Mr. Robinson

The hon. Lady understands nothing. It was her Government who entered into the arrangements and allowed BMW to gazump the existing arrangements. It all started some five years ago, when the Government allowed BMW to gazump Honda, much to the disgust of the Japanese, and buy Rover. Her Government were absolutely responsible for the arrangements that governed that deal. If she did not know about that, it was up to her to find out about it.

I shall tell the hon. Lady what those arrangements were. BMW committed itself to reserving the marque of Rover and to reserving Rover as a manufacturing entity in the UK. BMW said that it would continue all the arrangements that were already in train between Rover and Honda. Those were the arrangements that the hon. Lady's Government entered into.

That deal came to my attention when I was at the Treasury, when out of the blue we heard that BMW wanted to close down Longbridge. BMW did not want to know about the arrangements. It does not care about workers in Longbridge; it is concerned about workers in Munich. The hon. Lady looks distressed, but we must understand the basic fact that despite all the so-called multinational and global investment and industry, each major national company looks after its own people first, and others afterwards.

In that sense, I do not blame the Germans for pulling the plug on Longbridge, which is what they are doing. BMW says that it has made losses, but I say to BMW, "You have had this company for five years. You said that you would make a success of it. I did not doubt your word." I did not doubt BMW's word because one could look at the company's glittering success in Munich. Now decisions about the British motor industry are being made in Munich by Frau Quandt and her family. On another date in the historical calendar the situation could have been quite different.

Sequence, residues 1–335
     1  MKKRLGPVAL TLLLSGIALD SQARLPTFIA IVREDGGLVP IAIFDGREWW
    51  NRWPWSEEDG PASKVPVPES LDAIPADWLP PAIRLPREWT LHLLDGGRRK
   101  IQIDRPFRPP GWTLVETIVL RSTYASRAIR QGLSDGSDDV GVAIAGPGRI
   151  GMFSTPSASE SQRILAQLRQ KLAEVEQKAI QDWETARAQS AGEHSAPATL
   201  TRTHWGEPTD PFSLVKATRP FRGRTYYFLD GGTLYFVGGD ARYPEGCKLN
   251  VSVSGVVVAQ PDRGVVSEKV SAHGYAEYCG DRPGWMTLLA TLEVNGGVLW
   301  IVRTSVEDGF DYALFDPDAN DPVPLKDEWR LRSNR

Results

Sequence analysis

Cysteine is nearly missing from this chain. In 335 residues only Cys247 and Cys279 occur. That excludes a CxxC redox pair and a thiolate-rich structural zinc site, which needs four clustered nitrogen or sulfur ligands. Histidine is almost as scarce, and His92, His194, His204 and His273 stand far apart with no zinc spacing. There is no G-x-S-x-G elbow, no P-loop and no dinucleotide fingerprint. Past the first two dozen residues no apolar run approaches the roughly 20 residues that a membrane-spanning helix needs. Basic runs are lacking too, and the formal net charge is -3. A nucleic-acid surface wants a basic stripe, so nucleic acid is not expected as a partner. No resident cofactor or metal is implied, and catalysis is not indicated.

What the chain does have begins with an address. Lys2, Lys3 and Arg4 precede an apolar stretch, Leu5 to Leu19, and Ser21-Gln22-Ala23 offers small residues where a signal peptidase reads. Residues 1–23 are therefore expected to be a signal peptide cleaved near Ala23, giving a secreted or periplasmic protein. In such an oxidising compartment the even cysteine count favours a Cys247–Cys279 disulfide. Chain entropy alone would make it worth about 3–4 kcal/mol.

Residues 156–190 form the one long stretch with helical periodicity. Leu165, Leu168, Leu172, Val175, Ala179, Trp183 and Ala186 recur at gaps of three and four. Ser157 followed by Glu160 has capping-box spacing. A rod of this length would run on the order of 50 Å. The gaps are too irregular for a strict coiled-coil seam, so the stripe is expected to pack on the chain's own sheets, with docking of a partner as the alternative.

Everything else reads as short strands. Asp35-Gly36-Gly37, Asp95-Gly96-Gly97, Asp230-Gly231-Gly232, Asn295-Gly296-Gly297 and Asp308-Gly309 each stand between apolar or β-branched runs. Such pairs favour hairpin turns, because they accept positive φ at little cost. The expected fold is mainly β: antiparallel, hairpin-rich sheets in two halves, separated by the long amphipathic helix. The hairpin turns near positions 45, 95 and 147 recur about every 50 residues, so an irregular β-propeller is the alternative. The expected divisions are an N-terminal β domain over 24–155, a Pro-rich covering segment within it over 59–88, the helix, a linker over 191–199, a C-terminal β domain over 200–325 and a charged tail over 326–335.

That situation is not the fault of this Government or this Secretary of State, or indeed any of his predecessors. If any fault is to be found, it is with the British failure in manufacturing industry. The hon. Lady, who in her great wisdom initiated the debate, does not want to consider that. She says that we did not do well enough with the aid application to the European Commission, but everybody knows that everything possible was done by this Government and previous Governments to get the necessary aid. Everybody knows also that European aid has not had the slightest influence on BMW's decision today to dump Rover.

BMW has dumped Rover because it does not suit interests any more. That is fine for BMW, but what about us? What about our employers and employees? [Interruption.] I beg the hon. Member for Tiverton and Honiton (Mrs. Browning) to listen for a moment. In the City and everywhere else one sees that global activities are taking place and global entities are being formed, but within those entities the national interest prevails. I beg hon. Members to think about that for a moment. Let us consider the City of London—the citadel of British power where our people prevail. We are increasingly being subsumed into other, bigger entities, which are seemingly global but in reality are nationally oriented.

Returning to the car industry, one sees the motorcycle industry and machine tool industry as subsidiary, but in all those industries this country is losing out and we are not as strong as we ought to be. Obviously, it is too late for BMW even to reconsider its decision. Why has BMW taken that decision? Because it is in its interests. The national interest there is predominant. Had it been a factory in southern Germany—in Munich—that was at stake, such a clear-cut, brutal decision would not have been taken.

Who should we blame for that? We can look back to five years ago. It is not as though the decision had to be taken overnight, or the facts were not already known. It is not as though there has not been a magnificent increase in productivity and quality of product. For one reason or another, BMW chose not to manufacture it in the UK.

Fair enough. That is BMW's decision, but is it good enough? Do we, a great nation in our own right, accept that decisions are taken irrespective of our Government's views on the matter, and irrespective of what that company in Germany said when it bought into and took control of our industry? Is all that unconditionally acceptable to us?